On my most recent trip I am back again, this time in the cold first week of January. I am in town for vacation, having worked over the Christmas and New Year's holidays, and I have always loved taking vacations when everyone else is going back to work. Tourists are fewer, shopkeepers are more relaxed, more willing to chat and more generous with bargaining.  The presence of Syrian restaurants in Istanbul has a new meaning, providing sustenance and warmth to those who have made it out of the war-torn country. It is a topic of discussion all over the city, the rising rents, the begging on the street.
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We walk and walk and walk until our toes and fingers are unbearably cold, the air crisp and heavy like it gets right before it's going to snow. Up and down Istiklal, the main pedestrian drag, I hear Syrian Arabic everywhere, those long stretched out vowels, the slightly nasal intonation. We look at ikat fabrics in the bazaar, I buy gloves at a leather shop to help my frozen fingers, we eat steaming spicy kebaps and sticky chicken pudding bundled in our coats.

My husband has developed a taste for salep, a steaming milky drink thickened with powdered orchid root that is popular all over the Eastern Mediterranean. Steamed milk has always had a disturbingly putrid sour smell to me, but I indulge him in repeated coffee shop stops, ordering apple tea and fiddling with our phones. One afternoon, a small Syrian boy comes in to the tea shop where we sit, hand out stretched, and the owners generously empty their tip jar into his small hand. A Turkish customer nearby grumbles angrily, the shop suddenly turning quiet. I watch the boy go back to his two friends waiting outside and their faces light up, shrieking at their new found wealth, none of them could be older than seven or eight.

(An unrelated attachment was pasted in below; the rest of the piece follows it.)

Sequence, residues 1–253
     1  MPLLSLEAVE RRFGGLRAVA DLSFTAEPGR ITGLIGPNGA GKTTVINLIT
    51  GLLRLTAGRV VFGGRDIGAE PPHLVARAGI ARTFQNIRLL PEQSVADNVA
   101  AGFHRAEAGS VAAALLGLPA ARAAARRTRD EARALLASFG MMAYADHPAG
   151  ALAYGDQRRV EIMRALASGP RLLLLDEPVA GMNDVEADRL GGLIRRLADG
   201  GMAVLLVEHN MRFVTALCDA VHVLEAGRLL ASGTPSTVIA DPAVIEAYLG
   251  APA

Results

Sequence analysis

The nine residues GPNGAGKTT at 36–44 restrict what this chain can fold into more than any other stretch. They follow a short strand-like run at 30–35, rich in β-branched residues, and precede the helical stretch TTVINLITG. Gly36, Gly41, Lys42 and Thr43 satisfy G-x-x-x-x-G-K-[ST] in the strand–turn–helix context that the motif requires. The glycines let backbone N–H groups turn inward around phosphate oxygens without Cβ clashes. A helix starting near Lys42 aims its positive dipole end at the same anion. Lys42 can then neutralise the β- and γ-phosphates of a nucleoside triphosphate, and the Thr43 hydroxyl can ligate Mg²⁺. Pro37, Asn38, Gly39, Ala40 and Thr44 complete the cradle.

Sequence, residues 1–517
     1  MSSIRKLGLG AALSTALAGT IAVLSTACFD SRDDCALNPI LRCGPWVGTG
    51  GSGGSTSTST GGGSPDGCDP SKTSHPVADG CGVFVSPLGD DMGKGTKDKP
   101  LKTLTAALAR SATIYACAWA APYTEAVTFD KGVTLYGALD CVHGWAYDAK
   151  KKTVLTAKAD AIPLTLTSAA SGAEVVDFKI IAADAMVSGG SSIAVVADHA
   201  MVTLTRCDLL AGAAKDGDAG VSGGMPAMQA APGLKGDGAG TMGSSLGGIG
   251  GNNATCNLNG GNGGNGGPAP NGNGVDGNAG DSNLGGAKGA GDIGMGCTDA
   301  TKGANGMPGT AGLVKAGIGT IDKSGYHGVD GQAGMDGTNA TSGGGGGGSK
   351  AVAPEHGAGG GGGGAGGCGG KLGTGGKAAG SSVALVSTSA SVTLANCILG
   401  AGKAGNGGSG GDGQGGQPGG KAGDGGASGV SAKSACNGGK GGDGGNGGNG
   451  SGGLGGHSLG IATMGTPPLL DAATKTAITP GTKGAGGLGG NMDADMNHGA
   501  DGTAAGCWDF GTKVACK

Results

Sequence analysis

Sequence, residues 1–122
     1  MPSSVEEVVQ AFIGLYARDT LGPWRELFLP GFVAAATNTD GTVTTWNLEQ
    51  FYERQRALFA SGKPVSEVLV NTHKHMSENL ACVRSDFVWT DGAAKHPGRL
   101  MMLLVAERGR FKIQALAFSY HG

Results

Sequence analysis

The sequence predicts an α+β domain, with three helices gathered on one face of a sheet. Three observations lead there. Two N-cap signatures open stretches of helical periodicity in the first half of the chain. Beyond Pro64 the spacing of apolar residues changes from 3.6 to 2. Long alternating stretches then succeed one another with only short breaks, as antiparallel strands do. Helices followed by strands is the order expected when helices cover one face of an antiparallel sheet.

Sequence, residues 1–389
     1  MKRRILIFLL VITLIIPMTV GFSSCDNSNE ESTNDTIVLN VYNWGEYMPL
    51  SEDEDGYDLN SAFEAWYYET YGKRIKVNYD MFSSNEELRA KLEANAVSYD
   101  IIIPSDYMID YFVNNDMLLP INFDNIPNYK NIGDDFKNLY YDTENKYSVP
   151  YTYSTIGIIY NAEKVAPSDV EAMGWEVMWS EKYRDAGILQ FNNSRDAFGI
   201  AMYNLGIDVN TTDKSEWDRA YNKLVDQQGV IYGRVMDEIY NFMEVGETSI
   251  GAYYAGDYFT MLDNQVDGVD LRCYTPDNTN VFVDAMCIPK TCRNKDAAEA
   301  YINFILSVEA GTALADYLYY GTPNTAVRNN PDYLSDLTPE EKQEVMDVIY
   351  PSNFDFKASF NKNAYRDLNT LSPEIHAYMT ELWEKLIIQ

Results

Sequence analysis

Ten minutes later the smallest boy comes back to the shop, marching up to the counter and speaking excitedly in a mix of broken Turkish and Arabic. He is showing off the new wool hat he has bought with their tip money, strutting about, pulling the hat up and down to cover his ears. The young men at the counter are exceedingly kind, ruffling his hair, trying to joke with him despite the language barrier. I ask the little boy what his name is and he points at himself in surprise, then says 'Abd-al-Salam, from Aleppo. As we talk I notice how small his waist is, I tell him it's going to snow tomorrow and he should stay inside. When we leave, I put a large bill in the tip jar.
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That night, over Turkish wines and cheese at Sensus we talk about the problems of refugees, about aid distribution and displaced persons policies, about the logistic problems of how to get the right things to the right people. It is starting to snow and I wonder if 'Abd-al-Salam has gloves. I feel silly for being such a sad sap, and remind myself of all the places that I've been and worked that were full of poverty and refugees and malnutrition. But Syria, of course, is different. As my husband says, paraphrasing a quote we once heard about New York, "you lived in Syria and never really got over it."